A recession warning for Osborne

The UK is forecast to recover at a slower rate than every G7 country except Italy.

Away from pasties and jerry cans, there's the small matter of our shrinking economy. Yesterday the Office for National Statistics revised growth for the final quarter of 2011 down to -0.3 per cent, today the OECD predicted that the UK will suffer a double-dip recession - defined as two consecutive quarters of negative growth. The economy is forecast to shrink by -0.1 per cent in the first quarter of this year.

And that's not the only prediction to haunt George Osborne's nights. As the OECD table below shows, the UK is expected to recover at a slower rate than every G7 country except Italy.

GDP growth in the G7 economies

Annualised quarter-on-quarter growth

A

While we're forecast to contract by 0.4 per cent [in annual terms] in the next quarter, the US, where the Obama administration has maintained fiscal stimulus, is expected to grow by 2.9 per cent. Osborne's previous boast that that the UK had grown faster than the US "despite fiscal stimulus in the former and fiscal consolidation in the latter" now looks rather foolish.

As Adam Posen of the Bank of England's Monetary Policy Committee noted in his speech yesterday:

Cumulatively, the UK government tightened fiscal policy by 3% more than the US government did - taking local governments and automatic stabilizers into account - and this had a material impact on consumption. This was particularly the case because a large chunk of the fiscal consolidation in 2010 and in 2011 took the form of a VAT increase, which has a high multiplier for households.

Today, the Chancellor has responded by noting that "our own" Office for Budget Responsibility says the UK will avoid a double-dip. Indeed, the OBR predicts growth of 0.3 per cent in the first quarter of this year. Nonetheless, Osborne has already prepared his defence, insisting that "You can't turn round the British economy overnight. It became very dependent on the City of London, very dependent on public spending which had to be borrowed and we have got to change that". But after 15 months of no growth, how many will be willing to listen?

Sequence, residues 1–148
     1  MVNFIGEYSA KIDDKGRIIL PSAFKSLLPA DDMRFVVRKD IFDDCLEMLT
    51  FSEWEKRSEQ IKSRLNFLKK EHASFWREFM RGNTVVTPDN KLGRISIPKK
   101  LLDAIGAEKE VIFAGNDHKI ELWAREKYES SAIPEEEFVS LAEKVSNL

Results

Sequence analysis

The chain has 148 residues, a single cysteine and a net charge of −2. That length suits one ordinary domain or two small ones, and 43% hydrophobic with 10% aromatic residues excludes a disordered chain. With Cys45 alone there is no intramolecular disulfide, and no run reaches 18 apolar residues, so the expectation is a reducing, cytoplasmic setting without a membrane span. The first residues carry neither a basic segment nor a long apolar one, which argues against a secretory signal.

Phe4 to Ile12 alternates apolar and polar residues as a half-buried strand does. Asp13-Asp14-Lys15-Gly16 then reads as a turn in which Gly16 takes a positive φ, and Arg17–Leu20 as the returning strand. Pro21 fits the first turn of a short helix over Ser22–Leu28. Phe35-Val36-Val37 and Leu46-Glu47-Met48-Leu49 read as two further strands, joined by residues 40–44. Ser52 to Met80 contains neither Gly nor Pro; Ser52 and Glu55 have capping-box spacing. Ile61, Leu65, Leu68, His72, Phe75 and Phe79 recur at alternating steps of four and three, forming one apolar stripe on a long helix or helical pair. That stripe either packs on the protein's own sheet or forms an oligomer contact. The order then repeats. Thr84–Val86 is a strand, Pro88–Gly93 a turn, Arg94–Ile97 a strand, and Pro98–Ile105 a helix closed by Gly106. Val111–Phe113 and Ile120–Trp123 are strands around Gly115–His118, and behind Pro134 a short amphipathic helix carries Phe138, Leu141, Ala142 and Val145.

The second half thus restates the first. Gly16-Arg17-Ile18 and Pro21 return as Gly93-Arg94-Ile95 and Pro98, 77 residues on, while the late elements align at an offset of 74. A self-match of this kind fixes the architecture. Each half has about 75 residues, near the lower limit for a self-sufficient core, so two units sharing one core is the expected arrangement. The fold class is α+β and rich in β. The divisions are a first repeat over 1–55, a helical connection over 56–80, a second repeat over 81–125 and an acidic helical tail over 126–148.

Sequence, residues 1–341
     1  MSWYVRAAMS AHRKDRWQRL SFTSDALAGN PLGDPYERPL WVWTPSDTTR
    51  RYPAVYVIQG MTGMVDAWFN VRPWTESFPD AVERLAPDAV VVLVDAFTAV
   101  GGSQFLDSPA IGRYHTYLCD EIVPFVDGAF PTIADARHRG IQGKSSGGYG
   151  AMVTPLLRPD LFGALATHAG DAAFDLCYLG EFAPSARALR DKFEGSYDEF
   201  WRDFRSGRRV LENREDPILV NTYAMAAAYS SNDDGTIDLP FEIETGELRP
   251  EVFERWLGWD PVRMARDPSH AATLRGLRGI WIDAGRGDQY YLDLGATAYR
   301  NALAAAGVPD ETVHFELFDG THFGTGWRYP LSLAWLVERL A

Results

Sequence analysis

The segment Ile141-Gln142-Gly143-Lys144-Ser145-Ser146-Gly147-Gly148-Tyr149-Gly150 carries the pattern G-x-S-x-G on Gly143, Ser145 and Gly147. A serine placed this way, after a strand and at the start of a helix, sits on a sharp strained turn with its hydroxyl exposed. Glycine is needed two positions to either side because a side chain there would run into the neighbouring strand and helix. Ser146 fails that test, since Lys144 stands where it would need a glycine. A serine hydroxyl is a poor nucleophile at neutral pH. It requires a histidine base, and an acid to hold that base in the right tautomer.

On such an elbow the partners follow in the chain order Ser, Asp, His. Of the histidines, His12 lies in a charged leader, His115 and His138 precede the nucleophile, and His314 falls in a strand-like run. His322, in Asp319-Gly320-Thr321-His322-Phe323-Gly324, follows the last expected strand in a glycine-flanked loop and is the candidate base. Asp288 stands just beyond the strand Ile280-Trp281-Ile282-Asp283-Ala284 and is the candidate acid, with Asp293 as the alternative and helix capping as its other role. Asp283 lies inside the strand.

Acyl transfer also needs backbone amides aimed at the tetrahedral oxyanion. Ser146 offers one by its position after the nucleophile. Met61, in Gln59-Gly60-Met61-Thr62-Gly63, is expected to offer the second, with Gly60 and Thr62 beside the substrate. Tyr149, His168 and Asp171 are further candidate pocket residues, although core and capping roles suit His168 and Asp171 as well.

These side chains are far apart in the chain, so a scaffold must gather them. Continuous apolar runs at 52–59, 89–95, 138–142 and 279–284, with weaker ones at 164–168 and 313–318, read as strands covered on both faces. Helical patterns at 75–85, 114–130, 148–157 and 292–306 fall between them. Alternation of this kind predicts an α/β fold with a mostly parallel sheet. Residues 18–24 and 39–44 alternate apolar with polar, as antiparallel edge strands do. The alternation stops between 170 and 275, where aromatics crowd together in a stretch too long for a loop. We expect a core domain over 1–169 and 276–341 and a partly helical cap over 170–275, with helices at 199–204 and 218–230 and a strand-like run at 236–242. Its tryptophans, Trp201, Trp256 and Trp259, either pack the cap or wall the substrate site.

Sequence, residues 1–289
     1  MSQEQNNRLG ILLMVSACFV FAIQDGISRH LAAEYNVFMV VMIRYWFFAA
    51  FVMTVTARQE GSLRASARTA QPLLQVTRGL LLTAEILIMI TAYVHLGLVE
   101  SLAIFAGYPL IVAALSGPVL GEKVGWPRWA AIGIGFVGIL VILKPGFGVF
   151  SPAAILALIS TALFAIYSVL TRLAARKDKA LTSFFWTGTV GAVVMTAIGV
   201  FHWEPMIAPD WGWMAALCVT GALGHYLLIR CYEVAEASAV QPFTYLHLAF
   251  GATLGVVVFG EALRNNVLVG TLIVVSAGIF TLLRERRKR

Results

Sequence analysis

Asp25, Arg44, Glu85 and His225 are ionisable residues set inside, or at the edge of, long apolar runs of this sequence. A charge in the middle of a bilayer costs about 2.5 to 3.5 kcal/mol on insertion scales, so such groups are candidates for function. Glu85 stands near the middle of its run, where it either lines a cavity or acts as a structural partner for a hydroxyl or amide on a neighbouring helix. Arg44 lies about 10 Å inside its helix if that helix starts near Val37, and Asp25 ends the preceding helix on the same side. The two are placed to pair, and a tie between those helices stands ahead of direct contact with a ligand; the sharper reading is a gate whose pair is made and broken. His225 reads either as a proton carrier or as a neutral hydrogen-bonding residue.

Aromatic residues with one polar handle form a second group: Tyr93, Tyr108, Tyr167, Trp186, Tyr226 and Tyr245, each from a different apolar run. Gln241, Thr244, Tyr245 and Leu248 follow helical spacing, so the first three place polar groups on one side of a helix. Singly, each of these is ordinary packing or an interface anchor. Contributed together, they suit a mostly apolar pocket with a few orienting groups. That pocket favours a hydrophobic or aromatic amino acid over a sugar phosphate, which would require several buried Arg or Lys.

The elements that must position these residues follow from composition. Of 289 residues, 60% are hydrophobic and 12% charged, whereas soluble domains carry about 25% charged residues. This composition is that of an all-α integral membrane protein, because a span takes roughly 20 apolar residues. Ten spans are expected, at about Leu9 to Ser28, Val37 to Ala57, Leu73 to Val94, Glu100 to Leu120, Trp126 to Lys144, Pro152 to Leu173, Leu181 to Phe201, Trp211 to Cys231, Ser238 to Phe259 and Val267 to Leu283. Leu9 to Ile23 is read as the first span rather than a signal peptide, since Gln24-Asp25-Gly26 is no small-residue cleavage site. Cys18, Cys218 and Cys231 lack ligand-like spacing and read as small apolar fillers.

The politics of a double-dip could be more complex than many expect. At times of economic trouble, voters often look to the government, rather than the opposition, to see them through the storm. After all, despite the near absence of growth since Osborne took the helm, the Tories retain a four-point lead over Labour as the best party to manage the economy.

Conversely, a double-dip could be the point at which the Tories are finally forced to "own" the economy, no longer able to blame "the mess" they inherited from Labour or the eurozone crisis. "The man who took us back into recession" is not an attack line that Osborne will want to hand Ed Balls. He and the rest of the coalition face a nervous wait until 25 April when the ONS publishes that all-important figure.

George Osborne insisted "you can't turn the British economy overnight". Photograph: Getty Images.

George Eaton is political editor of the New Statesman.

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Lord Empey: Northern Ireland likely to be without government for a year

The former UUP leader says Gerry Adams is now in "complete control" of Sinn Fein and no longer wants to be "trapped" by the Good Friday Agreement

The death of Martin McGuinness has made a devolution settlement in Northern Ireland even more unlikely and has left Gerry Adams in "complete control" of Sinn Fein, the former Ulster Unionist leader Reg Empey has said.

In a wide-ranging interview with the New Statesman on the day of McGuinness’ death, the UUP peer claimed his absence would leave a vacuum that would allow Adams, the Sinn Fein president, to consolidate his hold over the party and dictate the trajectory of the crucial negotiations to come. Sinn Fein have since pulled out of power-sharing talks, leaving Northern Ireland facing the prospect of direct rule from Westminster or a third election in the space of a year. 

Empey, who led the UUP between and 2005 and 2010 and was briefly acting first minister in 2001, went on to suggest that, “as things stand”, Northern Ireland is unlikely to see a return to fully devolved government before the inquiry into the Renewable Heat Incentive scheme is complete -  a process which could take up to a year to complete.

“Adams is now in complete control of Sinn Fein,” he said, adding that it remained unclear whether McGuinness’ successor Michelle O’Neill would be “allowed to plough an independent furrow”. “He has no equal within the organisation. He is in total command of Sinn Fein, and that is the way it is. I think he’s even more powerful today than he was before Martin died – by virtue of there just being nobody there.”